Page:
Objective: To describe the age-specific and lifetime incremental societal costs of autism in the United States.
Design: Estimates of use and costs of direct medical and nonmedical care were obtained from a literature review and database analysis. A human capital approach was used to estimate lost productivity. These costs were projected across the life span, and discounted incremental age-specific costs were computed.
Setting: United States.
Participants: Hypothetical incident autism cohort born in 2000 and diagnosed in 2003.
Main outcome measures: Discounted per capita incremental societal costs.
Results: The lifetime per capita incremental societal cost of autism is $3.2 million. Lost productivity and adult care are the largest components of costs. The distribution of costs over the life span varies by cost category.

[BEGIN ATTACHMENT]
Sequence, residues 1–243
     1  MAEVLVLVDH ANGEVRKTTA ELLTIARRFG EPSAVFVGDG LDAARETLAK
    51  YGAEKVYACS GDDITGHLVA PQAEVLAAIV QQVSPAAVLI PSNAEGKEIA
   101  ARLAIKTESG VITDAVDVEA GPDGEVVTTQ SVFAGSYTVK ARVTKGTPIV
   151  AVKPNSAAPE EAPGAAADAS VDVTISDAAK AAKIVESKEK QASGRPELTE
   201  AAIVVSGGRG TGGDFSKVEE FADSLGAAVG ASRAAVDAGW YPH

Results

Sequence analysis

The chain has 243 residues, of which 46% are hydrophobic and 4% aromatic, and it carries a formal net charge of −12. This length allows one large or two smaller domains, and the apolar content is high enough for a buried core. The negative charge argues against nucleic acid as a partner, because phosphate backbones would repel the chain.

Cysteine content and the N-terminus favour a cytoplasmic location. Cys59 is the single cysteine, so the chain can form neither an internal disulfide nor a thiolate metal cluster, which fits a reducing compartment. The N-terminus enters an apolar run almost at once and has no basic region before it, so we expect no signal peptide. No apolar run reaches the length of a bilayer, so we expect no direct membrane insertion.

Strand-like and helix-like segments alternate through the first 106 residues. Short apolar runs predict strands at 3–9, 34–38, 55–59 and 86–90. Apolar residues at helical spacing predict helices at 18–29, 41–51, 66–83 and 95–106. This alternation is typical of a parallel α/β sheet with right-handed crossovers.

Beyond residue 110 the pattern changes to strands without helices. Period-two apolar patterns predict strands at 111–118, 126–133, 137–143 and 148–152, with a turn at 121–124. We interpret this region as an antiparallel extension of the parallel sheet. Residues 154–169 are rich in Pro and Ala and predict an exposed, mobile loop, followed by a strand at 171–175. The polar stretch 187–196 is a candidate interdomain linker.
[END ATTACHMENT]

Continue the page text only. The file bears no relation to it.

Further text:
Conclusions: Although autism is typically thought of as a disorder of childhood, its costs can be felt well into adulthood. The substantial costs resulting from adult care and lost productivity of both individuals with autism and their parents have important implications for those aging members of the baby boom generation approaching retirement, including large financial burdens affecting not only those families but also potentially society in general. These results may imply that physicians and other care professionals should consider recommending that parents of children with autism seek financial counseling to help plan for the transition into adulthood.